Give your users the fewest steps needed to produce a rewarding result that will excite them about continuing to use your tool! Use this opportunity to show off your the simplicity and awesomeness of your tool!

This rewarding result might be a cool visual or a plot – but also should demonstrate the most popular thing your users would like to see.

The software tool says 'you installed me successfully'. The new user, represented by a baby chick is rewarded with some rewarding output, represented as a gift.

5.2.6 Directs the user to the how-to examples section

Now that your user has successfully installed your tool and understands the basic idea, let them know where they can find more examples to keep the learning train going! Have a link at the end of your getting started section that sends them to a place they can browse your how-to examples (which we will discuss in the next section!).

5.3 Good examples of getting started sections

Snakemake has a great getting started section (Molder et al. 2021). The makers of Snakemake tell their users how to install Snakemake using different situations and keeping dependencies in mind, right after which they have a short tutorial to entice their users!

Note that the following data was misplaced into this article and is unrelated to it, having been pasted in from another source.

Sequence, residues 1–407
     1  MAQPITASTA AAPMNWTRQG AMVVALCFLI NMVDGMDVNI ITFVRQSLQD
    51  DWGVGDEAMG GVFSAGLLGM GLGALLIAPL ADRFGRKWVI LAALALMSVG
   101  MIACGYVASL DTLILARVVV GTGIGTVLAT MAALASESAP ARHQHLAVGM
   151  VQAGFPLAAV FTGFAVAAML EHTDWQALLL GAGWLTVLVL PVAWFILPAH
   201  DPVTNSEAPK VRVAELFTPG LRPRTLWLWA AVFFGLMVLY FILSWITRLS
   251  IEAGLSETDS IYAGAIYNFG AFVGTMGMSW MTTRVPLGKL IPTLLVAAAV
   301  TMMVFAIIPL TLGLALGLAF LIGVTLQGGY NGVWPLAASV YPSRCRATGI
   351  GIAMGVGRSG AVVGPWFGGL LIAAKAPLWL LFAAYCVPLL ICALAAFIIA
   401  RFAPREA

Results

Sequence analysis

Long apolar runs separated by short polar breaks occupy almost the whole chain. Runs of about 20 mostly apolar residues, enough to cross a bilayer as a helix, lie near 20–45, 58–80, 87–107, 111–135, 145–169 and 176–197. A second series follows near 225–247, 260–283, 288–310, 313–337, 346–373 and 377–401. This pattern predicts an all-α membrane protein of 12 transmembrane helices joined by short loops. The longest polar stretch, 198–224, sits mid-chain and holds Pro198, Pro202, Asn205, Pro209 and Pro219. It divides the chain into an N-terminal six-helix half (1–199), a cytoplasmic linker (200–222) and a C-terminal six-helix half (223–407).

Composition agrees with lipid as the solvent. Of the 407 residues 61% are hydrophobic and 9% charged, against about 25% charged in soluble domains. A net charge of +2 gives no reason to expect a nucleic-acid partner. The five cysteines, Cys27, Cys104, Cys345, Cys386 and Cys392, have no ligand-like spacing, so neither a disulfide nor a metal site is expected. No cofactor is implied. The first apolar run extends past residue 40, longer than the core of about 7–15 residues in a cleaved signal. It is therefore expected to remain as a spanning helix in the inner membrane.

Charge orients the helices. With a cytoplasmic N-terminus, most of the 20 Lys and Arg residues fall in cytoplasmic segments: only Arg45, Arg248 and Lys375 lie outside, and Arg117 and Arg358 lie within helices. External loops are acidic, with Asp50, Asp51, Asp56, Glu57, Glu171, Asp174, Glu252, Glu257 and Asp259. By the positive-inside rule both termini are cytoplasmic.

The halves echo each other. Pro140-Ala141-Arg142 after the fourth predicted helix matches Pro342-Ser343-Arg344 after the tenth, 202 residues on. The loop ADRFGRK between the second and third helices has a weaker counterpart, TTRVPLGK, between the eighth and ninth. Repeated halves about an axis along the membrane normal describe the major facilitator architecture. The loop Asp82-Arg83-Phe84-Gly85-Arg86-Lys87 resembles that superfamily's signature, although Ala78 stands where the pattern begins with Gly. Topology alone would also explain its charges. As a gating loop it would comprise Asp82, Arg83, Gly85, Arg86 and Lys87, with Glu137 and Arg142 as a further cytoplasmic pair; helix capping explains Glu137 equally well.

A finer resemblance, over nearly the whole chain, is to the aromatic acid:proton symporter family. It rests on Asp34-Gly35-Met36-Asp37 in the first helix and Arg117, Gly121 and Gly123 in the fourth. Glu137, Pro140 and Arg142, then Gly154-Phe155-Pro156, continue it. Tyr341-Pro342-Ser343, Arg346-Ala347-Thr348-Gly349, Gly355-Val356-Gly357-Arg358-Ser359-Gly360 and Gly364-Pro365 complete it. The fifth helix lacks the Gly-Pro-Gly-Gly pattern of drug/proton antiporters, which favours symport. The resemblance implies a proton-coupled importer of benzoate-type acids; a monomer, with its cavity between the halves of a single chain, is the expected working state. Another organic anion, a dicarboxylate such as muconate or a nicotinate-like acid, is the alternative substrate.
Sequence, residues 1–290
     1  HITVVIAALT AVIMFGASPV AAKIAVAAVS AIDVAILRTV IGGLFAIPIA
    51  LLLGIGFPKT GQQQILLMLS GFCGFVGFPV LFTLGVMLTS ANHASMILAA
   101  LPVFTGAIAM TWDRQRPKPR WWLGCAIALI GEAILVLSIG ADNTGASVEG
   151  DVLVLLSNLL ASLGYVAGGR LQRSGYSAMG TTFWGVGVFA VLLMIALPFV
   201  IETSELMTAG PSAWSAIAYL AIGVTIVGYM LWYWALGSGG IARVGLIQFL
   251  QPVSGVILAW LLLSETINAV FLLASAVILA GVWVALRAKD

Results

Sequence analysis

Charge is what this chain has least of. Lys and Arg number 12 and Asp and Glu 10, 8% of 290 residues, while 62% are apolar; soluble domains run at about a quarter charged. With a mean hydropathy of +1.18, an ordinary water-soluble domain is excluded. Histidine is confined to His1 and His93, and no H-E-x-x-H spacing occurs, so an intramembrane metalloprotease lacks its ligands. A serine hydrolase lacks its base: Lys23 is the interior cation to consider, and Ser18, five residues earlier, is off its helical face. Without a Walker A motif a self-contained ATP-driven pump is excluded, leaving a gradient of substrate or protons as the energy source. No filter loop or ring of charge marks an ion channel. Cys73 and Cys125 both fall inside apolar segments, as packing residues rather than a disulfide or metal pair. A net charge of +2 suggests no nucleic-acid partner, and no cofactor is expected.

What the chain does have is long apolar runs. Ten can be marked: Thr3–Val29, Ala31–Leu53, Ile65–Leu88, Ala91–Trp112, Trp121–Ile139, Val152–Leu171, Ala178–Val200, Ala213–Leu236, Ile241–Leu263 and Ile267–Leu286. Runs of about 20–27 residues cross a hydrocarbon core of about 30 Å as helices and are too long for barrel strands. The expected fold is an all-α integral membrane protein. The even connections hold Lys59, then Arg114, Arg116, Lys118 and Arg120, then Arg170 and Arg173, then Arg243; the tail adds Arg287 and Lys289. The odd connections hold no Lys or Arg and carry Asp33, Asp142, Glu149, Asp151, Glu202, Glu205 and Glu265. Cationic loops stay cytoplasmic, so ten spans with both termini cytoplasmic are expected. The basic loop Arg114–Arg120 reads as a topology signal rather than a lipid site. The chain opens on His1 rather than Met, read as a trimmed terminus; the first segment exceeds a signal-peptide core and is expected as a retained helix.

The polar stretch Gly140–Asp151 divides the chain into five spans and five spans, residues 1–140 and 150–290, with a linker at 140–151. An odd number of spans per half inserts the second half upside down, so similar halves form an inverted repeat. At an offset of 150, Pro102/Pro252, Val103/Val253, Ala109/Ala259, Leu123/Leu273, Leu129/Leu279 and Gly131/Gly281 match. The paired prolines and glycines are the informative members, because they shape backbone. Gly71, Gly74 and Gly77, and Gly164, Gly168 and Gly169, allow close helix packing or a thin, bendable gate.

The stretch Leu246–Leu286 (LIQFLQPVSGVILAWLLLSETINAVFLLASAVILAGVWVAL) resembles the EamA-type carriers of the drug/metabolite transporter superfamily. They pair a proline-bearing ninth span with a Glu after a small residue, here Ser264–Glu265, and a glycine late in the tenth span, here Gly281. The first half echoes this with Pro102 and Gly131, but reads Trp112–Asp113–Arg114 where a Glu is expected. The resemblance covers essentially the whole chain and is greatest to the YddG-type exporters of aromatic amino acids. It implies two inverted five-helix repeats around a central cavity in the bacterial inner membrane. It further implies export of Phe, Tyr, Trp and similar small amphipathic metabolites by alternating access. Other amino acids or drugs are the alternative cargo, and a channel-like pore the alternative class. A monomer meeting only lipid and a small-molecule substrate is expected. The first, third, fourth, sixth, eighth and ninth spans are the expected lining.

Here is a screenshot of snakemake’s documentation. It shows the sidebar which has installation, a tutorial, and another short tutorial.

GSEA introduces their users to multiple options of how they can run the tool and nicely use reassuring screenshots throughout to let their users know if they are on the right track (Subramanian et al. 2005)!

Here is a screenshot of GSEA’s documentation. It shows screenshots to assure the user what to expect.

5.4 Exercise: Create your own getting started section!

Use the template getting started document to start your own getting started section either by using the markdown template directly, or navigating to the MkDocs repository (or other set of documentation) you set up in the previous chapter.


Mangul, Serghei, Thiago Mosqueiro, Richard J. Abdill, Dat Duong, Keith Mitchell, Varuni Sarwal, Brian Hill, et al. 2019. “Challenges and Recommendations to Improve the Installability and Archival Stability of Omics Computational Tools.” PLOS Biology 17 (6): e3000333. https://doi.org/10.1371/journal.pbio.3000333.
Molder, F, KP Jablonski, B Letcher, MB Hall, CH Tomkins-Tinch, V Sochat, J Forster, et al. 2021. “Sustainable Data Analysis with Snakemake [Version 1; Peer Review: 1 Approved, 1 Approved with Reservations].” F1000Research 10 (33). https://doi.org/10.12688/f1000research.29032.1.
Subramanian, Aravind, Pablo Tamayo, Vamsi K. Mootha, Sayan Mukherjee, Benjamin L. Ebert, Michael A. Gillette, Amanda Paulovich, et al. 2005. “Gene Set Enrichment Analysis: A Knowledge-Based Approach for Interpreting Genome-Wide Expression Profiles.” Proceedings of the National Academy of Sciences 102 (43): 15545–50. https://doi.org/10.1073/pnas.0506580102.

  1. For all cartoons:
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    Icons by https://thenounproject.com/ License CC BY-NC-ND 2.0.
    Emojis by OpenMoji License: CC BY-SA 4.0.↩︎